Sovereign debt risks become new threat to global financial stability

08:27, April 26, 2010      

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Although risks to global financial stability have eased as the economic recovery gains steam, advanced countries' sovereign debt risks could undermine stability gains and prolong the collapse of credit, world financial institutions have warned.

In the latest Global Financial Stability Report, which was issued on Tuesday, the International Monetary Fund (IMF) pointed out that the deterioration of fiscal balances and the rapid accumulation of public debt have altered the global risk profile.

In some cases, the longer-run solvency concerns could translate into short-term strains in funding markets as investors require higher yields to compensate for potential future risks, the report said. Such strains can intensify the short-term funding challenges facing advanced country banks and may have negative implications for a recovery of private credit.

On Friday, Greece formally requested the activation of a European Union (EU)-IMF support mechanism to pull the country out of its severe economic and debt crisis.

The Greek move came after a higher-than-expected 2009 budget deficit announced along with a lowered bank credit rating by the international rating agency Moody's.

Greece is not the only country that is suffering a sovereign credit crisis. Sovereign credit ratings of Iceland, Ireland, Mexico, Italy, Portugal and Spain have also been downgraded. Moreover, the sovereign credit of the United States, Britain, Germany and France has also been questioned.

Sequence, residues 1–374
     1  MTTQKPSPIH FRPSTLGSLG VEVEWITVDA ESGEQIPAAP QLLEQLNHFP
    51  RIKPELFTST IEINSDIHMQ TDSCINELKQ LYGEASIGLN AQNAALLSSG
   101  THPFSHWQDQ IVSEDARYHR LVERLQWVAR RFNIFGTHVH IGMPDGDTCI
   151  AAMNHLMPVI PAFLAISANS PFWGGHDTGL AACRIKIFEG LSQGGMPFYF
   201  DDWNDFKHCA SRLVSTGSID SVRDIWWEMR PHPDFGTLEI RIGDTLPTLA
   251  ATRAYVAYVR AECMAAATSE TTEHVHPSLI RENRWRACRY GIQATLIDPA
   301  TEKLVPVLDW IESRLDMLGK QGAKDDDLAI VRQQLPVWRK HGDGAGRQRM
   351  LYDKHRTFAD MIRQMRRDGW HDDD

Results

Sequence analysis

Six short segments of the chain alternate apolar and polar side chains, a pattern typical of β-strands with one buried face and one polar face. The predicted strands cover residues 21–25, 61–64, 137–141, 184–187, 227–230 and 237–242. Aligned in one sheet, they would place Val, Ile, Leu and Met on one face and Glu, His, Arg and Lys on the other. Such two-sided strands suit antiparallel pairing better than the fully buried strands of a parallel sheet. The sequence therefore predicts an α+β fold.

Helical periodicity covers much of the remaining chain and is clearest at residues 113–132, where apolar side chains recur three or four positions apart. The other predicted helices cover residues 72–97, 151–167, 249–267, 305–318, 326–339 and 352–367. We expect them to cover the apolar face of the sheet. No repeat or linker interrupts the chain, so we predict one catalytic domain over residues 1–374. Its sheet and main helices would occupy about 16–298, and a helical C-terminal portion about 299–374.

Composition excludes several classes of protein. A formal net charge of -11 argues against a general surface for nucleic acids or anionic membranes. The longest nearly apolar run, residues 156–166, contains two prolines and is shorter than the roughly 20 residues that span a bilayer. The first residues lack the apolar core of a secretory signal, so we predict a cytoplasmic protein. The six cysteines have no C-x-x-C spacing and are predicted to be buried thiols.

Since the most severe financial crisis erupted in 2008, many countries have borrowed massive loans to stimulate their economy. The IMF estimated 4.5 trillion U.S. dollars of bonds would be issued globally in 2010, tripling the average amount of money that the developed economies have borrowed in the past five years.

In January, Moody's Investors Service warned that the United States' "triple-A" government bond rating could come under pressure in the very long term if the Medicare and Social Security programs are not reformed.

Sovereign risks have been transformed in a number of important ways. As the public sector stepped in to support financial institutions, distinctions between sovereign and private liabilities have been blurred and public exposure to private risks has increased.

Careful management of sovereign risks is essential for financial stability in the period ahead, the IMF said. To address sovereign risks, credible medium-term fiscal consolidation plans that command public support are needed.

In addition, authorities should endeavor to mitigate the transmission of sovereign risk through financial markets, for example by reducing the distortions from ratings triggers in statutory guidelines, and by strengthening collateral policies for OTC derivative exposures.

Even as these measures are implemented, risks will remain high in the short term and countries will remain susceptible to macroeconomic shocks and shifts in market sentiment.

"We have also noted that a number of sovereigns are under pressure," Youssef Boutros-Ghali, the chairman of the International Monetary and Financial Committee's Meeting, told reporters on Saturday.

"The membership urged the Fund (IMF) staff and management, and a number of large donor countries, to cooperate in assisting a number of sovereigns who are experiencing fiscal and debt difficulties," he said.



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